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Colorado Cinema Gunman Due Back In Court
Prosecutors are expected to file formal charges against the man accused of carrying out the Colorado cinema shooting when he appears in court later.
James Holmes is accused of killing 12 people and an unborn child and injuring 58 during a midnight showing of the new Batman film in Denver.
The 24-year-old former neuroscience student's appearance on Monday will be his second court hearing since the shooting in Aurora on July 20 and he is not expected to enter a plea.
He could be charged with up to two counts of first-degree murder for each of the 12 people he allegedly killed, as well as attempted murder charges for everyone who was in the cinema, not just those shot.
During a bizarre first court appearance last week, Holmes stared out wild-eyed under a mop of brightly-dyed orange and red hair. At times he appeared almost dazed and sleepy, ostensibly unable to keep up with the proceedings.
The deadly massacre, which is one of the worst ever in the US, happened on July 20 as crowds of Batman fans flocked to midnight showings of the third part of the hit trilogy.
Holmes entered the cinema via a fire exit shortly after the start of the latest film, called The Dark Knight Rises, and threw two canisters of noxious gas into the auditorium, according to witnesses and police.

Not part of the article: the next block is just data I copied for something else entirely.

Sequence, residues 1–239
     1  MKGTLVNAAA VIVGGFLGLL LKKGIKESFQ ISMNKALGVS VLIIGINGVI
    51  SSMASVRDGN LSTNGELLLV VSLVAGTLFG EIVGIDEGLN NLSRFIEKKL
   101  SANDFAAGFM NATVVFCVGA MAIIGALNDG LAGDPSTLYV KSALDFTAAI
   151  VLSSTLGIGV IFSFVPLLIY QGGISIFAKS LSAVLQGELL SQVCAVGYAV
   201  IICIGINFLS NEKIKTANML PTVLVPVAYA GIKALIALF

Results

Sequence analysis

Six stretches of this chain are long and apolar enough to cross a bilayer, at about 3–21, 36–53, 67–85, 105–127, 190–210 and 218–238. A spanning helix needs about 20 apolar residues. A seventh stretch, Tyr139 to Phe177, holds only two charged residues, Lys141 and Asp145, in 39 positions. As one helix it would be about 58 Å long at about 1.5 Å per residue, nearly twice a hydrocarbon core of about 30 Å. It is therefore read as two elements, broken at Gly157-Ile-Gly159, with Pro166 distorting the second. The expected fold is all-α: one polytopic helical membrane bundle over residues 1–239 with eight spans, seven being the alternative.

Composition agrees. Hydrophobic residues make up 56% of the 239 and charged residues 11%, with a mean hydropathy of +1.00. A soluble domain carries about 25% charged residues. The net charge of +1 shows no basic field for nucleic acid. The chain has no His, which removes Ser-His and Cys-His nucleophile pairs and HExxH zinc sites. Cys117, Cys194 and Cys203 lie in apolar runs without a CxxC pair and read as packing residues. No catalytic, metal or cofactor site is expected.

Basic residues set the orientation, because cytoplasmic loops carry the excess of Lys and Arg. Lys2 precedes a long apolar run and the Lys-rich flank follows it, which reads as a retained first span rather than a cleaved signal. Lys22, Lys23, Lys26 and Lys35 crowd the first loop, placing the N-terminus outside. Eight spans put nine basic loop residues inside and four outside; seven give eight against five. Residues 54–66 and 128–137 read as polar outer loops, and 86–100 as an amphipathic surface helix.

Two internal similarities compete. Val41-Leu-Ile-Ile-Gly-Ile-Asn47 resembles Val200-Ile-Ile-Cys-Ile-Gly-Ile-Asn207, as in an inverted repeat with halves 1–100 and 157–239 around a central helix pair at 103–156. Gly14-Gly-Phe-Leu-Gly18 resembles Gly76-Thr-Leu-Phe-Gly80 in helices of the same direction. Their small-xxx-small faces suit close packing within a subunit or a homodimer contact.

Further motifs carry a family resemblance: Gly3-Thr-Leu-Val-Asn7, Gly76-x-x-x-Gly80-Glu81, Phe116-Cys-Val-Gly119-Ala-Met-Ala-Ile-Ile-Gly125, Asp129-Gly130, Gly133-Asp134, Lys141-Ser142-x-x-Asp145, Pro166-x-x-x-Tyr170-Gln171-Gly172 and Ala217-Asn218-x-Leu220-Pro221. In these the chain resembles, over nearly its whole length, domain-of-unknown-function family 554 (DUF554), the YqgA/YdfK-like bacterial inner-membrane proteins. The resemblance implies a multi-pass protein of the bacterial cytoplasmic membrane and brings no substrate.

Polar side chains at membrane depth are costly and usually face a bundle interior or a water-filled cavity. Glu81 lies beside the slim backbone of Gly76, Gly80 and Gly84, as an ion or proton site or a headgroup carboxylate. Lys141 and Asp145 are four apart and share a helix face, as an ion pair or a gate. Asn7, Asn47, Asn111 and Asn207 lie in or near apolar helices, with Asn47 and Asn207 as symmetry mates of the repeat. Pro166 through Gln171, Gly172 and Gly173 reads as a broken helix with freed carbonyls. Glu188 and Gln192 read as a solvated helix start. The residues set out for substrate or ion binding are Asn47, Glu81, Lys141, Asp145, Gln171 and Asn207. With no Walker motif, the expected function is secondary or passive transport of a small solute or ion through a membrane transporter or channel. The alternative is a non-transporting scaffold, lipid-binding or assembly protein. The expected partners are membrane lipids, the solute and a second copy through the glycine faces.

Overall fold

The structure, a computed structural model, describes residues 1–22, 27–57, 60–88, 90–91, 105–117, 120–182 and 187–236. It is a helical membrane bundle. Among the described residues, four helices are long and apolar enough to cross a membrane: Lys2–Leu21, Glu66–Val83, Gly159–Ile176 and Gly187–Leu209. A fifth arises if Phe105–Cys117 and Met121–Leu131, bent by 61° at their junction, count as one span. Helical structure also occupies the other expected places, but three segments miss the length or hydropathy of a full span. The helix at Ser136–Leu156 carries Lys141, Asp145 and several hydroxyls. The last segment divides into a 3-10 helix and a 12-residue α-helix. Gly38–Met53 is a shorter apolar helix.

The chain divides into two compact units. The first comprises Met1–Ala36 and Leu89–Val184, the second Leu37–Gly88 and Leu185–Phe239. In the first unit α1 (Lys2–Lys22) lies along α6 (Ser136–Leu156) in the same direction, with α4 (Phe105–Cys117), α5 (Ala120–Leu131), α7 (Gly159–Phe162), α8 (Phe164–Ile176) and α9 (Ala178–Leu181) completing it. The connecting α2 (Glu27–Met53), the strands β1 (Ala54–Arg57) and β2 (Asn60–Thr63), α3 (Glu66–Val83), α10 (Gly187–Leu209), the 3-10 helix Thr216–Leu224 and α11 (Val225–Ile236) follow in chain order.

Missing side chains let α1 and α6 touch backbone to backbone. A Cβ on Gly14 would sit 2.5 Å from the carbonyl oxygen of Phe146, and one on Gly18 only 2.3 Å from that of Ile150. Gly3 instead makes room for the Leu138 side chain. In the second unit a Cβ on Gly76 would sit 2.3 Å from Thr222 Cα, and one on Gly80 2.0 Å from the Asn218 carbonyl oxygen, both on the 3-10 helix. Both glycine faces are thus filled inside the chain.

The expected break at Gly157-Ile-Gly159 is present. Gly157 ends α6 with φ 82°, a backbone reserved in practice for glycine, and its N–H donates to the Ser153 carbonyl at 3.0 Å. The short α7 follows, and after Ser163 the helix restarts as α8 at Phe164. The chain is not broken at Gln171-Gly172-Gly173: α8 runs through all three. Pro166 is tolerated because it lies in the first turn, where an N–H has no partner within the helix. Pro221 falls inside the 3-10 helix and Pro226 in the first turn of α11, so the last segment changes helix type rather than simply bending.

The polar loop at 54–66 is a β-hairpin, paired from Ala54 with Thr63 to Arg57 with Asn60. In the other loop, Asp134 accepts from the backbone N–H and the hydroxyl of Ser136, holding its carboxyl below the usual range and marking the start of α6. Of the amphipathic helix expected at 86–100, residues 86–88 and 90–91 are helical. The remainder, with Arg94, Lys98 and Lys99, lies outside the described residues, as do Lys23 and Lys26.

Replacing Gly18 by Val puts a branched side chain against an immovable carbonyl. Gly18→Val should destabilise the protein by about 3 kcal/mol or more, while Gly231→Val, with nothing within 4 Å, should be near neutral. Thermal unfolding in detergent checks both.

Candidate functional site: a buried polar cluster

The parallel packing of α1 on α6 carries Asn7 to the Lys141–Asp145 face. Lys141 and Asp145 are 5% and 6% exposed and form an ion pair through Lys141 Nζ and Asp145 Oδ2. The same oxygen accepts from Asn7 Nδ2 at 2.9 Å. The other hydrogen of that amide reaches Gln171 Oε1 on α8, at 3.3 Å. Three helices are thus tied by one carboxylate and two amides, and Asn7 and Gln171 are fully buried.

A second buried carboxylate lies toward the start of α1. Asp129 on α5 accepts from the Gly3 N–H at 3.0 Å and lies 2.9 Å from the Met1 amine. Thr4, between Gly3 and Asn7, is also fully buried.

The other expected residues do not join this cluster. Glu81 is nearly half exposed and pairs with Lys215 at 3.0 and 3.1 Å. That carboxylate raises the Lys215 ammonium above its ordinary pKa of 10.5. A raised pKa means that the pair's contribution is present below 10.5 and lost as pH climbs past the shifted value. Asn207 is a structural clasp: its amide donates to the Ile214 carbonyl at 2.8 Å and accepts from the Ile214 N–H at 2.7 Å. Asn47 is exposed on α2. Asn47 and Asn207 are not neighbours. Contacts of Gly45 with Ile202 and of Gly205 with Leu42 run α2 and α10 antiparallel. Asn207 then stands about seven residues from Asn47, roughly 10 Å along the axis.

After firing into the air with a pump-action shotgun, he allegedly began shooting people at random with a military-style assault rifle capable of firing 50 to 60 rounds a minute. Police arrested him outside the building.
Veronica Moser-Sullivan, 6, was the youngest victim. Her pregnant mother Ashley, who was seriously wounded in the shooting, has also now suffered a miscarriage.
Several people injured in the shooting remain in hospital in a critical condition.
Prosecutors have said it will be several weeks before a decision is made on whether or not to seek the death penalty for Holmes.
Only one person has been executed in Colorado since capital punishment was reinstated in 1976.
Lawyers for the prosecution and defence are locked in a battle over a package Holmes sent to his psychiatrist at the University of Colorado, Lynne Fenton, presaging the movie massacre.
Holmes' lawyers are accusing prosecutors of leaking the existence of the package - reportedly containing macabre plans, including drawings of a stick-figure gunman mowing down victims - to the media and jeopardising his rights to a fair trial.
There are conflicting reports about when the package was sent so it is not clear if its discovery earlier could have prevented the atrocity.
There has been speculation that stress over failing a key exam may have been the trigger that caused Holmes, a promising neuroscience student who had won a prestigious government grant, to become unhinged.
Soul-searching in the US has been intense since the tragedy, but despite the staggering number of mass shootings the country has witnessed there appears to be no political will to address gun laws, especially four months ahead of the presidential elections.
Holmes had legally purchased four weapons in local gun shops and more than 6,000 rounds of ammunition over the internet.